During the raid of the Heruli in 267 in Athens, most of the buildings of the Ancient Agora, like the Odeion and the large Hellenistic stoas were completely destroyed. Architectural members from these buildings were used in the construction of a defensive enclosure, the so-called Late Roman Wall, which coursed the east side of the Agora and enveloped the city’s northern part. In the late 4th century, Alaric and his Visigoths caused further, extensive damages to the city.
In the 5th and 6th centuries, however, there is renewed building activity in the area. We have the construction of some large building complexes, like the ‘Gymnasium’ to the south –an educational institution with classrooms, a library, a palestra and baths; large residences were erected north of the Areios Pagos (House C), in the area of the Tholos and east of the Stoa of Attalos. Some of these houses (for example, the ones in the south part of the Agora towards the Areios Pagos) are identified as schools of philosophy or educational institutions.
During Justinian’s reign, teaching in the schools of philosophy was suspended (529) and, according to the sources, several architectural members were taken from the buildings to be used in the erection of the Hagia Sophia church. The Slav incursion of 582 caused yet more devastation in the Agora.
New building activities dating to the late 7th century, like the conversion of the Hephaesteion to a church dedicated to St George and the construction of a complex east of the Stoa of Attalos, are probably related to the visit the Byzantine Emperor Constans II made to Athens in 662/663.
As can be gathered from the excavational data, in the 8th and 9th centuries the city goes through a period of decline. The first signs of a recovery become manifest in the following century. As can be inferred from the growing number of private residences in the area of Ancient Agora, the population levels are rising and the first churches are built, like the church of Aghion Apostolon (SS Apostles), later named Solakis’ church – an exquisite example of Middle Byzantine architecture, dated to c.1000.
In the north part of the Agora and the hill of Agoraios Kolonos, east of the Theseion, an extensive and densely populated district develops between the 10th and the 12th centuries. This part of the mediaeval city has been studied thoroughly and gives us a fuller picture of this type of district. Apparently, no town planning was applied. Houses are strung out successively on either side of a narrow street leading from north to south. These residences comprised small rooms arranged around a courtyard, which was usually white-washed and sometimes featured a shed on one of its sides.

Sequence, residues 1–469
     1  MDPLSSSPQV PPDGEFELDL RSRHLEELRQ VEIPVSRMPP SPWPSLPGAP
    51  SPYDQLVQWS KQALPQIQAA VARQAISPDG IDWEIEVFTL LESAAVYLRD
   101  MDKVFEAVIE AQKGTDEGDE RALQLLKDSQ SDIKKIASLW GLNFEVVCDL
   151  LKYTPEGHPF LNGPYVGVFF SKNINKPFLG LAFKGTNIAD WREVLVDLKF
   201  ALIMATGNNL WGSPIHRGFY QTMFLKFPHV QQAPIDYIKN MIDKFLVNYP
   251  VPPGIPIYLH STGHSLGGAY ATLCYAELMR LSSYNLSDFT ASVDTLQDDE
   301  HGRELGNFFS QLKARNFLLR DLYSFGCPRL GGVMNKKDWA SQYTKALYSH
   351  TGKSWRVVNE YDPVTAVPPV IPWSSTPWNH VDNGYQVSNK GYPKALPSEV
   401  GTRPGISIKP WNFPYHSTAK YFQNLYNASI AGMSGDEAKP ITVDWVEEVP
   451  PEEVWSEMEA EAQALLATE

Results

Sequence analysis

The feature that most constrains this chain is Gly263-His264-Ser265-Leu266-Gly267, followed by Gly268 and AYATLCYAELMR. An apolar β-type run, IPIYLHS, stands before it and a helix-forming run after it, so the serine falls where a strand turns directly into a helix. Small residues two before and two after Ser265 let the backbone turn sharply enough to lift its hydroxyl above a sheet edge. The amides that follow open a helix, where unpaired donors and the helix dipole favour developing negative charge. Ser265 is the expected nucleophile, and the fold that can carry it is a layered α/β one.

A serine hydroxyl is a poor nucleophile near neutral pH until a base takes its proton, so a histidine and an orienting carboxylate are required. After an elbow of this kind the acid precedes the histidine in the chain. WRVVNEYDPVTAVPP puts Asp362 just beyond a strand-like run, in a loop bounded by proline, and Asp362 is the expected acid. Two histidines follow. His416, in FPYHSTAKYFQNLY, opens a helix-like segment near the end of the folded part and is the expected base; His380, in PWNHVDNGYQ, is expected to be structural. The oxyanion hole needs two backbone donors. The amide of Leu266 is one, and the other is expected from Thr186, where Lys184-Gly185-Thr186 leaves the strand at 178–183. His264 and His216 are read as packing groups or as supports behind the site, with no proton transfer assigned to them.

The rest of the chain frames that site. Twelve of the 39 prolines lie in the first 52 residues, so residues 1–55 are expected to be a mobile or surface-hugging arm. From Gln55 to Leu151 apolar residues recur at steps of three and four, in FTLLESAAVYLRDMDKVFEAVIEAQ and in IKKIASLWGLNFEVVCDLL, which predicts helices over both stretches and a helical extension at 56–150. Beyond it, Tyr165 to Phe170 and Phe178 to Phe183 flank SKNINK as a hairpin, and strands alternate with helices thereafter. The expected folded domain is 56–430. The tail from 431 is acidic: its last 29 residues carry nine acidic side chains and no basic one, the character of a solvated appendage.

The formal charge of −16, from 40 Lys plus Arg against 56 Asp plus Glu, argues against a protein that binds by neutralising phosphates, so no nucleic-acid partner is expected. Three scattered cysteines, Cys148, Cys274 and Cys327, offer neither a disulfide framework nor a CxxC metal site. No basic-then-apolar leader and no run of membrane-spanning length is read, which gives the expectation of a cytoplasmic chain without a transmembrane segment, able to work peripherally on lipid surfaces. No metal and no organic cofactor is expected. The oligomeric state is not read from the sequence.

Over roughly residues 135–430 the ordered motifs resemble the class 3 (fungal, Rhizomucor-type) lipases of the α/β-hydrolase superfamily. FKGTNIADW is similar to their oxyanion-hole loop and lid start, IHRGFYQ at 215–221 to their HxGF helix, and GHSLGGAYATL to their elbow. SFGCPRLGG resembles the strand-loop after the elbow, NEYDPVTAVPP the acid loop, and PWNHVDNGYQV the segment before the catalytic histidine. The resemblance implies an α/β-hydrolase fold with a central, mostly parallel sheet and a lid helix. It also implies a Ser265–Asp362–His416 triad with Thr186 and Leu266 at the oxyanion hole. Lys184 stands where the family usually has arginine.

Usually three chronologically overlapping building phases are observed. Wells situated in the courtyards provided water, while earthenware jars planted into the floor were used for storing foodstuffs. These buildings were rather shoddy, and generally only their foundations remain, rendering the reconstruction of their storeys impossible. Among these houses there stood small buildings housing workshops and commercial ‘stores’.
A large square building with rooms arranged perimetrically has been discovered, possibly a roofed marketplace or an inn, or, according to a third view a textiles workshop. The situation described above changes rapidly in the early 13th century following the 1203 raid led by the ruler of Nauplion, Leon Sgouros, and especially after the capture of the city the Franks in 1204. In the later years of the period of Frankish rule in Greece, few of the districts were preserved, while in quite a few of these there are signs of fluctuation between habitation and desolation.

The project "Virtual Reality Digital Collection 'The Ancient Agora of Athens'" has been co-funded in a percentage of 80% by the European Regional Development Fund and in a percentage of 20% by state funds in the framework of the Operational Programme "Information Society" of the 3rd Community Support Framework.

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